Cricket Australia mulling over split-coaches formula
The split captaincy across three formats has been a practise among international cricket teams for some time but Australia now is toying with the idea of having different coaches in different formats.cricket Updated: Oct 19, 2013 13:13 IST
The split captaincy across three formats has been a practise among international cricket teams for some time but Cricket Australia now is toying with the idea of having different coaches in different formats.
Cricket Australia isn't ruling out appointment of different head coaches for different formats in future, but insists Darren Lehmann will retain control of the Test and limited-overs teams for the moment.
The decision to divide the bowling coach's roles between Craig McDermott (Tests) and Ali de Winter (short forms) raised speculation that CA would follow the lead of the England and Wales Cricket Board, which placed coaching director Andy Flower in charge of the Test team and handed responsibility for the one-day team to former spinner Ashley Giles.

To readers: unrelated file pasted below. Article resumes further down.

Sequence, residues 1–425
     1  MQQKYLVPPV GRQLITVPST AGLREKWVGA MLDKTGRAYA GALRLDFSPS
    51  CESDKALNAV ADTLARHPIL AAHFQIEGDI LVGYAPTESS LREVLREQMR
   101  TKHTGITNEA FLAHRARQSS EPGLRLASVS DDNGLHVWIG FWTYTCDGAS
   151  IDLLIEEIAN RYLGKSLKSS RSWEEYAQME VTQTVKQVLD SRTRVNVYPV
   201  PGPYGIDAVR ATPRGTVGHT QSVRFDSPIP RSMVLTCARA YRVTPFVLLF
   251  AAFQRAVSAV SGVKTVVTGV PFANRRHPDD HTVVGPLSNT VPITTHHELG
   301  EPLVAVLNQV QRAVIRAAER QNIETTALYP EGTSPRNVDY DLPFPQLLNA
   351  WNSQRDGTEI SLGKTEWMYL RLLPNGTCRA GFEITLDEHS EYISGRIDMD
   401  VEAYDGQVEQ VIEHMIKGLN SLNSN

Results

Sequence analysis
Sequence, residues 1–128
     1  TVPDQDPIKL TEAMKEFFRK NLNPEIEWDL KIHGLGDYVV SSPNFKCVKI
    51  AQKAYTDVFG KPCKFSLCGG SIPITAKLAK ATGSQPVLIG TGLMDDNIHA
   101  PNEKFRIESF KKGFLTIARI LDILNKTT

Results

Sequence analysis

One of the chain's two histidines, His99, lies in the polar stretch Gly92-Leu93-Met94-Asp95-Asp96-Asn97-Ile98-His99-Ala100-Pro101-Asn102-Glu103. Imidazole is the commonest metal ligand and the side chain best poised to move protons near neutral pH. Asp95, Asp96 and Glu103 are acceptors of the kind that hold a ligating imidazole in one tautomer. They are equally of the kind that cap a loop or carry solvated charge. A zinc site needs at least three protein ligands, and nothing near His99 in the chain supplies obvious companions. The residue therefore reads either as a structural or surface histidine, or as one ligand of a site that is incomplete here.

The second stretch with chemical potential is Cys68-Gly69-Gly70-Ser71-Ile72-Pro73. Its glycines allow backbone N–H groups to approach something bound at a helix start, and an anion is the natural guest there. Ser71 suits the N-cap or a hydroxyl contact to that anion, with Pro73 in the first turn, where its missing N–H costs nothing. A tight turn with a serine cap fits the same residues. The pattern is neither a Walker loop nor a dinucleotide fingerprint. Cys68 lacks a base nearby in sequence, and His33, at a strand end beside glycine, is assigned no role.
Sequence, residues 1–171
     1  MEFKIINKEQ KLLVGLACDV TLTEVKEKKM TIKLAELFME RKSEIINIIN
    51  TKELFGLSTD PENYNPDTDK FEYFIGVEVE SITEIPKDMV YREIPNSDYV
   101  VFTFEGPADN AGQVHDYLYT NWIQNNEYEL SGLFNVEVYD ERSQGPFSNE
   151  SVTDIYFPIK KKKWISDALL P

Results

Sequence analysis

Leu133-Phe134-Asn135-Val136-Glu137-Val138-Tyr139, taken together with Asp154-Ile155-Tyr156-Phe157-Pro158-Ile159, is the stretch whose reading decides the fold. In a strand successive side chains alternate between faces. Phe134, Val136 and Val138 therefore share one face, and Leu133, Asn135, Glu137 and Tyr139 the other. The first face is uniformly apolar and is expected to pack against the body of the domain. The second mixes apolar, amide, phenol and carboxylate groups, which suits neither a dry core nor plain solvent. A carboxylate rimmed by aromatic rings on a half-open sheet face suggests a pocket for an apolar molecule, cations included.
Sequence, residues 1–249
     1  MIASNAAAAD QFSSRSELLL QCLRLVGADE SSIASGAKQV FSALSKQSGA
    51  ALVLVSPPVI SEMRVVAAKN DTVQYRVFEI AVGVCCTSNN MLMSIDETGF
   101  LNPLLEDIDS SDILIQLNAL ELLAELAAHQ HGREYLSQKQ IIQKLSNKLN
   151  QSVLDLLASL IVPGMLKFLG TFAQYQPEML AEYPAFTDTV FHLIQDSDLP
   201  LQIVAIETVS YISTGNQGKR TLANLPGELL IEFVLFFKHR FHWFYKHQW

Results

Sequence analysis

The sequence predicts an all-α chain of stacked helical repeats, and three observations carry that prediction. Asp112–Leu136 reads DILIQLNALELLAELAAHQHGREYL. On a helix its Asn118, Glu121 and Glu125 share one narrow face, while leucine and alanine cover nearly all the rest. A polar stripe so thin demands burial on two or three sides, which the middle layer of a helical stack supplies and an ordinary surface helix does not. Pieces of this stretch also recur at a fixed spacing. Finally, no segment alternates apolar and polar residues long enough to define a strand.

But CA's immediate plan is to keep giving Lehmann occasional breaks from touring, as it has done for the current ODI series in India, where assistant coach Steve Rixon is in charge.
"We never count anything out but to be honest as you've seen with Steve Rixon in India, the Future Tours Program means a coach going on every tour [is] very difficult," Team performance boss Pat Howard was quoted as saying by Sydney Morning Herald.
"For other positions I wouldn't draw too long a bow at the moment ? The Argus report gave two recommendations, one talked about splitting the formats and the other suggestion was leaving coaches out of certain tours. We've gone down [the latter] path for the moment and I think it's an important part of reinvigorating certain coaches' focus at certain times," he further added.
"The bowling one is focused on the coaches' core technical skill rather than dictated by the Future Tours Program."
McDermott, a trusted mentor of Peter Siddle and James Pattinson, stayed involved with the Centre of Excellence and Australian under-19s after stepping away from the national team last year for family reasons.
His international experience is seen as a major asset, while de Winter, who played 21 first-class games for Tasmania, can focus on the Twenty20 and 50-over World Cups in the next two years.